The End Is Nigh

The new game of Edmund McMillen, creator of The Binding of Isaac and Super Meat Boy, is finally here!

Storywise the game revolves around the character of Ash, a one-eyed blob (?) that has survived the end of the world. After the cartridge of his favorite game stops working, he decides to build himself a friend from the remnants of people he finds along the way. And by remnants, I mean tumors.


So as usual, a pretty disturbing setting from the pretty disturbed psyche of a pretty disturbed game developer. The Art style is a savant mix of the strangeness and grotesque found in Super Meat Boy and the insanity and adorableness of The Binding of Isaac, giving a disturbed sensation without getting in the way of the clarity and readability of the level.

In the game you go through the hundreds of levels, like literally hundreds, 6 of them at least. In 12 chapters. Each of these levels has a tumor hidden. These tumors are used to unlock hidden areas. I think. It’s hard. The game is hardcore. Most of the so called hardcore games aren’t hardcore. But this one is.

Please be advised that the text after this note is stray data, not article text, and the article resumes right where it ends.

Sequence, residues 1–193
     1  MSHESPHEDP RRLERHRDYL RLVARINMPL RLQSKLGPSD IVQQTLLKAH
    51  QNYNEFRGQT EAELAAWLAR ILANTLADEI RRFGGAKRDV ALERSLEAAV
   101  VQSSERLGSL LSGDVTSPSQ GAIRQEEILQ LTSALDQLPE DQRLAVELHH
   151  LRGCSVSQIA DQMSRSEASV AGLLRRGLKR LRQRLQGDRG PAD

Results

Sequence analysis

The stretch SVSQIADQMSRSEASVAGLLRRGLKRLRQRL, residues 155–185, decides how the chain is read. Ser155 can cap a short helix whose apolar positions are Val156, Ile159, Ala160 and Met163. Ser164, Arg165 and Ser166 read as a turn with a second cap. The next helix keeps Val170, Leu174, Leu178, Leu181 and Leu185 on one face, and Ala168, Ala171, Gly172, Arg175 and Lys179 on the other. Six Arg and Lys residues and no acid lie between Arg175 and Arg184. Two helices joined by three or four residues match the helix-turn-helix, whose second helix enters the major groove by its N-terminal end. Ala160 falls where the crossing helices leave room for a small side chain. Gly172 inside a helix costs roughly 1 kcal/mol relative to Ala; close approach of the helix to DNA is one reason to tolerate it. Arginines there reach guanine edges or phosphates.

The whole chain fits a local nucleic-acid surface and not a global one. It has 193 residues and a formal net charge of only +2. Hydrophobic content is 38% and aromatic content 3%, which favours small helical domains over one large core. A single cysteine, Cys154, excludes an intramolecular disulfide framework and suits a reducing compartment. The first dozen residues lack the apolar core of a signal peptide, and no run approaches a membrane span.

As with Super Meat Boy, the controls are really fine and precise. Maybe too fine, each key input is registered and can make you miss your landing and fall on spikes. So, finishing a screen requires precise leaping above spikes, enemies and holes. In this game air control and momentum are the key. Some of the movements are logical but not intuitive. For example, there are no wall jumps, but a ledge grab will allow you to gain speed and cross a higher distance. Pressing down when falling allows you to gain speed and break some elements to discover secret passages. Each screen is linked to another one, so you can go back and forth through levels to look for hided places and the tumors you’ve missed.

Basically, you’ll have understood, the game is an epic version of “Die and Retry”, where each new screen will have you scratch your head, asking “what do I have to do now”. Then you’ll be raging after dying for the twelfth time because you missed that ledge and then sighing because you realized there was a much easier path at the top of the screen.


The main path of the game is hard enough to keep you focused on it for a few hours, but to finish it completely, by collecting all the tumors and hidden secrets, it will take you, like most of McMillen games, hours upon hours and a good chunk of your sanity. The final touch is the ultra pompous sound design, where Brahms and Dvorak meet electric guitar and electro sounds. Together the visual art, conseptual design and soundtrack of The End is Nigh manage to keep the player tensed and focused on a joyous and wonderful apocalypse feeling.

And that’s all we can ask from McMillen.

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